May 13, 2015

Beauty and Balance in Turquoise


One look at the elaborate turquoise bracelets, engraved silver belt buckles and ornate squash blossom necklaces featured in “Glittering World: Navajo Jewelry of the Yazzie Family,” and it’s clear that by bypassing accounting, Mr. Yazzie is giving the Navajo nation a much richer gift. The exhibition until early 2016 shows about 330 pieces of jewelry made by 15 members of the Yazzie family, with a focus on work by Lee and his younger brother Raymond.

One morning last month, Lee Yazzie — the Navajo jeweler whose life’s work is on display at the Smithsonian’s National Museum of the American Indian in Lower Manhattan — reflected on the road not taken.

“I wanted to be an accountant,” Mr. Yazzie, 68, said during a phone call from his home in Gallup, N.M. “My ambition was to straighten out the books of the Navajo tribe in Window Rock, Arizona.”

Forced to drop out of college after his parents divorced in 1969, Lee Yazzie turned to the family tradition of silversmithing to make ends meet. He soon earned a reputation for translating traditional Navajo motifs such as the quadrant division of space into refined silver pieces accented with top-quality American turquoise — jewels that embodied the Navajo concept of hózhó, an idealized state of beauty, balance and harmony.

A similar respect for hózhó characterizes Raymond Yazzie’s work, but the younger brother “works from color,” said the exhibition’s curator, Lois Sherr Dubin. “He is one of the finest lapidary artists in the world.”

A master of inlay — a technique that involves cutting gemstones to fit artfully within metal channels — Raymond Yazzie creates intricate puzzles using gems such as coral, opal and lapis lazuli embedded in turquoise. An intricate “Blessings” cuff made in 2003, for example, features rare Water Web Kingman turquoise inlaid with 485 gems in an abstract depiction of corn, stars, feather patterns and the spirit beings known as kachinas. It is an homage to the paintings of the Hopi artist Dan Namingha.

“It’s a kind of visual communication system that also happens to be quite beautiful, and not just at a surface level,” Ms. Dubin said. “There are so many layers and depths of information.”

Turquoise becoming art

It’s not the first time Native American jewelers have earned so much attention on the world stage. After World War II, a trio of pioneering craftsmen — Kenneth Begay, considered the father of modern Navajo jewelry, and the boundary-breaking Hopi jewelers Preston Monongye and Charles Loloma — helped create a new identity for Native American design that reflected tradition and modernity.

“They brought color and exotic stones and got respectful prices paid for their work,” Ms. Dubin said. “They raised Native American jewelry from trinkets to art.”

Plenty of contemporary jewelers have fallen under their influence.

“Loloma inspired some of my earliest work,” said the New York-based jewelry designer Pamela Love. “You’d never be able to draw the correlation, but you extrapolate a technique or a stone.”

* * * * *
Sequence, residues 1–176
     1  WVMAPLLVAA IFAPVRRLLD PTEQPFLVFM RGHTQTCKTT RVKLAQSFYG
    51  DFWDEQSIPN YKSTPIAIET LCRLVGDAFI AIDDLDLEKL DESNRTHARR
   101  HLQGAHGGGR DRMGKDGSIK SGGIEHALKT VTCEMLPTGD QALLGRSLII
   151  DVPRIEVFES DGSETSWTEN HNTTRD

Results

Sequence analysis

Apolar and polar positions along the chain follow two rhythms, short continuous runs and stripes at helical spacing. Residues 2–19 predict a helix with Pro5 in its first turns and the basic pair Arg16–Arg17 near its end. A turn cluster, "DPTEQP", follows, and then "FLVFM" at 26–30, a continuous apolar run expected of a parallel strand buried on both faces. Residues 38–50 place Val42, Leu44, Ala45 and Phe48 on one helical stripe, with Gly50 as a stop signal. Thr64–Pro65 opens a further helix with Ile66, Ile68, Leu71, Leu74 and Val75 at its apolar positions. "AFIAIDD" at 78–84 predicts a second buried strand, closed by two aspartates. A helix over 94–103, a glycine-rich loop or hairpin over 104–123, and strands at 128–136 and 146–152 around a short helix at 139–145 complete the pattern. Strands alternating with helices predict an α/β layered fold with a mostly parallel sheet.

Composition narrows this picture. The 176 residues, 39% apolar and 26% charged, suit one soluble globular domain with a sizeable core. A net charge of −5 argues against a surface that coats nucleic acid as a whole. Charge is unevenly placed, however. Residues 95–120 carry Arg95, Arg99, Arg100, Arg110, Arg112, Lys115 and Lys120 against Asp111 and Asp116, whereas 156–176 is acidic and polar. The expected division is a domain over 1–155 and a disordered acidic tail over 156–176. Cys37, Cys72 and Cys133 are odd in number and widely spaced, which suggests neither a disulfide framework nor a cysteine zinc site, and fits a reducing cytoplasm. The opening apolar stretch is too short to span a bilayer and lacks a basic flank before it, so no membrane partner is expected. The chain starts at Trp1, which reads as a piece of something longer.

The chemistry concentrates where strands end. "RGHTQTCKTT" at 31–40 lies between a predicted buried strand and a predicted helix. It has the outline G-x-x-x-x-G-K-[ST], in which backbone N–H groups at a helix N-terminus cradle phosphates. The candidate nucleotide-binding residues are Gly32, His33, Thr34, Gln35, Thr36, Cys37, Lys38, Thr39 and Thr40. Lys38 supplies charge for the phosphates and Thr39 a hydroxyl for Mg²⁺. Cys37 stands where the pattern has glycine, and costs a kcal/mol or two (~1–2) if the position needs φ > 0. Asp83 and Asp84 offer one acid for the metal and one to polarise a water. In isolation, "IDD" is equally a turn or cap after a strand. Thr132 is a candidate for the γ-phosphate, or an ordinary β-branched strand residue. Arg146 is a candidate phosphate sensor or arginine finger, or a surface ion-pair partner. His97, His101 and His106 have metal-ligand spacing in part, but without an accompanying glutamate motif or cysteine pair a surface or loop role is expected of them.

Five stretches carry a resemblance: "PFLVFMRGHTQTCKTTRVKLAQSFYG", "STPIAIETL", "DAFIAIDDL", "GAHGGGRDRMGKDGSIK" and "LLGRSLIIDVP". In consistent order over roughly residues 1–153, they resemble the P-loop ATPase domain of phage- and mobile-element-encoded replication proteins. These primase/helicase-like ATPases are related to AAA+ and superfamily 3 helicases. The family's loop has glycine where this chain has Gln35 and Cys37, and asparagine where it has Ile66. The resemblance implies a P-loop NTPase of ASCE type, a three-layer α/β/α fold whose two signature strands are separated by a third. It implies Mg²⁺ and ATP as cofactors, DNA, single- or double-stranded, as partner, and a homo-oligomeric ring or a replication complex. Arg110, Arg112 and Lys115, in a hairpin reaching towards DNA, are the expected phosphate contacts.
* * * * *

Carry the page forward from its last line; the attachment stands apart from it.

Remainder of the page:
Popularized by Turkish traders, embraced by Native Americans and now mined extensively by the Chinese, turquoise varies so widely in color and form that many American Indians say no two stones are alike.

Ms. Love recalled growing up in Florida feeling “sea-locked” until about a decade ago, when, during a road trip, she found her spiritual home in the deserts of Arizona and New Mexico.

In the years since, Ms. Love has incorporated the iconography of the Southwest — including feathers, medicine wheels, snakes and arrowheads — into her designs. She now is creating a fall collection with turquoise, called “Sueño,” or “Dream,” that she describes as “part Frida Kahlo, part Johnny Cash.”

“What’s special about Native American culture is that it does a beautiful job of making the connection to the environment and respect for how we got here, in a really poetic way,” Ms. Love said.

Turquoise In others’ work

That ethos resonates with Melissa Joy Manning, a Berkeley, Calif.-based designer who describes herself as besotted with tribal culture and who has, as a byproduct, made a habit of scouring the annual gem shows in Tucson for examples of American turquoise. “I’m fascinated by the Native American idea that no two stones are alike,” she said.

Elsewhere, the New York designer David Yurman last year began to outsource a portion of his production to a workshop in Santa Fe, N.M., where local artisans do the inlay work that distinguishes his brand’s new “Frontier” collection of turquoise and silver belt buckles, woven bracelets and rings.

In Los Angeles, the designers Jacquie Aiche and Irene Neuwirth both said they had been seduced by Native American style. In April, Ms. Aiche debuted a limited collection of leather bolo ties anchored by a crescent-shaped pendant not unlike the traditional Navajo naja symbol, while Ms. Neuwirth showed a long rainbow-colored strand of gemstones whose silhouette recalls a luxe version of the naja, or squash blossom necklace.

Meanwhile, Lee and Raymond Yazzie still make one-of-a-kind jewels, though serious buyers, often forced to compete with hordes of devoted collectors in Japan, may have to wait as long as three years for a Yazzie original.

“This is not an industrial production; this is one person’s art,” said Lloyd Van Horn, a Houston-based collector who loaned a silver and turquoise bolo tie designed by Raymond Yazzie to the “Glittering World” exhibition. “Every one of those pieces is special to them, and they should be special to those of us lucky enough to own one.”

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